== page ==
The economy and rising costs due to inflation are the issues Americans say they are most concerned about in the new year.
As recent as last month, President Joe Biden said that while inflation is high now, it is only temporary. However, the numbers are still high and causing concern on Wall Street and Main Street.
The Consumer Price Index — a tool used to gauge inflation — was up 6.8% year-over-year in December. That's the highest rate since 1982.
Price indexes tracking food and energy both hit 13-year highs. According to the most recent reports, gas prices and food prices are up 58% and 6%, respectively. As prices go up, Americans' attention on the issue also rises.
A new CBS-YouGov poll shows 65% of people think the Biden administration hasn't focused enough on inflation.
Over the summer, administration officials and top CEOs called signs of rising costs "transitory" or temporary.
"I'm not saying that this is a one-month phenomenon," Treasury Secretary Janet Yellen said. "But I think over the medium term, we'll see inflation decline back to a normal level."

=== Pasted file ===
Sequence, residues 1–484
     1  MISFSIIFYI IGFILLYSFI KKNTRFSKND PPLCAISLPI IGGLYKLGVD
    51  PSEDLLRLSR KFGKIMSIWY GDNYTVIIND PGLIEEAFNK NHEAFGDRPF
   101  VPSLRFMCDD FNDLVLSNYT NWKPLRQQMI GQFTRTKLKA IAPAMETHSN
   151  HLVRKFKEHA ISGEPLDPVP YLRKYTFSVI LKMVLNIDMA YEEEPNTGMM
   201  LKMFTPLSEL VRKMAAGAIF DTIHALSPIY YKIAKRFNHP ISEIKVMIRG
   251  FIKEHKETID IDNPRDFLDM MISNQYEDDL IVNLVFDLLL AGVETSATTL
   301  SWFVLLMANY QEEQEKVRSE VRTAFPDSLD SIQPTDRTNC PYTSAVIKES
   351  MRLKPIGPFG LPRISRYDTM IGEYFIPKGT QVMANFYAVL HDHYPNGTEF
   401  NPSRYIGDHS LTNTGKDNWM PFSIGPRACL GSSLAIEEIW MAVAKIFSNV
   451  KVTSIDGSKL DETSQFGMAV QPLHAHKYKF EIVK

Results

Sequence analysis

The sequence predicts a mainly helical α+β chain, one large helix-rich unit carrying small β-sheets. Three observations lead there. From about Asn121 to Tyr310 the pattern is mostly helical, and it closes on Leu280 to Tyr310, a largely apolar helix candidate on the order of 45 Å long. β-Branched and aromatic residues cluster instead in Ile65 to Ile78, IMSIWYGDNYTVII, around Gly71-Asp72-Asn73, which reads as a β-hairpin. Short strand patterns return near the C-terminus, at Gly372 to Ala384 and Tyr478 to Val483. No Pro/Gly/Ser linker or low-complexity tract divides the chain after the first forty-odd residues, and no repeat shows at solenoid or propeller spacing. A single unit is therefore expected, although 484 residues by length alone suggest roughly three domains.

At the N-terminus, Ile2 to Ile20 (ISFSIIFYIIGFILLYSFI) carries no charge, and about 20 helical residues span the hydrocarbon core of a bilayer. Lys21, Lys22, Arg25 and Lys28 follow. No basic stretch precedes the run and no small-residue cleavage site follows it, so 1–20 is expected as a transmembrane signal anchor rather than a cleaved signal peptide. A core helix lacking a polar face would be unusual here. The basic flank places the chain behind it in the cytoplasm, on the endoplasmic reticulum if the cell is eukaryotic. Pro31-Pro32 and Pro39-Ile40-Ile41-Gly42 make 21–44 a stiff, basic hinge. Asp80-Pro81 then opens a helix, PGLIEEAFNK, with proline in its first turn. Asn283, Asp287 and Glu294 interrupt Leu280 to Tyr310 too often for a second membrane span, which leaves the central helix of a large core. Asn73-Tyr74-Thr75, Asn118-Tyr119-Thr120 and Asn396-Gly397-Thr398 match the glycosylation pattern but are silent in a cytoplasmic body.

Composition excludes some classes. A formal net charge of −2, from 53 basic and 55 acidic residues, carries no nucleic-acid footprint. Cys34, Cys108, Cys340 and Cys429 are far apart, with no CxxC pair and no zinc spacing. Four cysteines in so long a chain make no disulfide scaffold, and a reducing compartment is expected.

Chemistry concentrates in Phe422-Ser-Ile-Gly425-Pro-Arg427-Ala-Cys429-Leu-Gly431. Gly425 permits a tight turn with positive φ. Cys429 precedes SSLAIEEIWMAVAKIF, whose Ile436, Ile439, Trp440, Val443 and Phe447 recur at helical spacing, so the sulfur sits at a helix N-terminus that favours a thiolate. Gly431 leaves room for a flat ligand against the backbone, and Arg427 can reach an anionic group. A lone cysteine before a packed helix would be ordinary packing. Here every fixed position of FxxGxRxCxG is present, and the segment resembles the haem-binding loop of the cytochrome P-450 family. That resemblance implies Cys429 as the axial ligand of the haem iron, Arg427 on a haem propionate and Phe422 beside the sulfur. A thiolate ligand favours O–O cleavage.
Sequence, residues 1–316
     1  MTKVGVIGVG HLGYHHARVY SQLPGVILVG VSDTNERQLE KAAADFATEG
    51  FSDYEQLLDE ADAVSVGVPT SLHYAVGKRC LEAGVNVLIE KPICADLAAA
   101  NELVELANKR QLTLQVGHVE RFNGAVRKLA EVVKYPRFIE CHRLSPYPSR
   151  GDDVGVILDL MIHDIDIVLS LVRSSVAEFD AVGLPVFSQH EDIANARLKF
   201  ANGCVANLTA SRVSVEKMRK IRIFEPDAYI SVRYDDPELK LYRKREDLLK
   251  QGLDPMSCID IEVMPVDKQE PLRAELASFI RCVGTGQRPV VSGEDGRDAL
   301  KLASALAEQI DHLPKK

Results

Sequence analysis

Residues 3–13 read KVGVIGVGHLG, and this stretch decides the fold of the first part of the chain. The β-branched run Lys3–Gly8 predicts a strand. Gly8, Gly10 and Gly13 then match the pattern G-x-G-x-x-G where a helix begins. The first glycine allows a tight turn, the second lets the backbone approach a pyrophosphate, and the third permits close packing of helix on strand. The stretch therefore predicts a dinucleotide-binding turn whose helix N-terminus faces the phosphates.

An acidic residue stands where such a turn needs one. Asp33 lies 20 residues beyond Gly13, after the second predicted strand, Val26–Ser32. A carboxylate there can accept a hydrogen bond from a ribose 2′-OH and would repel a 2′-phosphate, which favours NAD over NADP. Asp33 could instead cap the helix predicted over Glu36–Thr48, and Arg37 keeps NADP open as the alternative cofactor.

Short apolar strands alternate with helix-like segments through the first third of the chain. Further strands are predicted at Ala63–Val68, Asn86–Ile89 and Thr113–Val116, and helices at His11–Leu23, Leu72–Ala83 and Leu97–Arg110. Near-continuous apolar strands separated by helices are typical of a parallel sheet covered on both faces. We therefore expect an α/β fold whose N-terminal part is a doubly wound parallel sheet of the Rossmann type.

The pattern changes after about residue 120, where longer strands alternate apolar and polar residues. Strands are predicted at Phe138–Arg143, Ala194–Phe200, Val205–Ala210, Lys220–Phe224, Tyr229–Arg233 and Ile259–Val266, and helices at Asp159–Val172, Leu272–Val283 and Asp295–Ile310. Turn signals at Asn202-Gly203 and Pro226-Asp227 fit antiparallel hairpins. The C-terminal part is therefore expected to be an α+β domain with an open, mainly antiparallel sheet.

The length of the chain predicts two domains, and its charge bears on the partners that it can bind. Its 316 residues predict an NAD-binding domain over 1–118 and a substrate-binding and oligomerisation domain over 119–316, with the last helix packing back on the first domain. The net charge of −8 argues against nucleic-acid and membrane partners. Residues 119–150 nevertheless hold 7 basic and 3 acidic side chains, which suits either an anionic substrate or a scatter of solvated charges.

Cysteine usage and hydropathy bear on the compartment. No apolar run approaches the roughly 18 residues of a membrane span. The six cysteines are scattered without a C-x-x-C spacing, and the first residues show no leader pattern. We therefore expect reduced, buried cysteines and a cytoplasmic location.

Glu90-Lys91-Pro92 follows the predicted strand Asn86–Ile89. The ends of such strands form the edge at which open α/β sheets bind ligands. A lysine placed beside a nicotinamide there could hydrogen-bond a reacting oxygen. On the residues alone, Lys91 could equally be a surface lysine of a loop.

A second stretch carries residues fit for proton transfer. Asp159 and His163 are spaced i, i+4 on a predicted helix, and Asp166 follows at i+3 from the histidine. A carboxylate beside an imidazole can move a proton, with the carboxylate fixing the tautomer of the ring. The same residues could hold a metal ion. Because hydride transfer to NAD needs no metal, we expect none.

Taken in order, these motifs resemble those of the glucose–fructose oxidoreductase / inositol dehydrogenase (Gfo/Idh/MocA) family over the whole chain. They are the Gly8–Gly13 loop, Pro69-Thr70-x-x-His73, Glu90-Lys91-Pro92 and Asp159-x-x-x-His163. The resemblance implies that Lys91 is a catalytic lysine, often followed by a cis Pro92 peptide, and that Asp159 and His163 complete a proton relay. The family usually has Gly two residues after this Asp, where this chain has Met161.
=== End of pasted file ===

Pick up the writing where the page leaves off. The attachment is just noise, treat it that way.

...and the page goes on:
In a recent change of tone, Yellen admitted that inflation should no longer be characterized as "temporary," and Federal Reserve Chairman Jerome Powell says he may have to take action to set things straight.
"If we have to raise interest rates more over time, we will," Powell said. "We will use our tools to get inflation back."
It's a move the president said Wednesday he supports.
Economists say Omicron concerns, supply chain bottlenecks and strong consumer demand are main factors behind the rising costs.
The president has insisted a solution could be to pass his Build Back Better spending plan — a stalled agenda item the he believes still has hope.
"I'm not going to negotiate against myself as to what should be in it," President Biden said. "But I think we can break the package up, get as much as we can now, come back and fight for the rest later."
The White House said there has been plenty of good economic news over the past year, including the unemployment rate falling to 3.9% last month. But just last week, weekly jobless claims spiked up 230,000.
With Americans uncertain about the economic recovery moving forward, one thing is certain — it's a top priority for voters ahead of the midterm elections this November.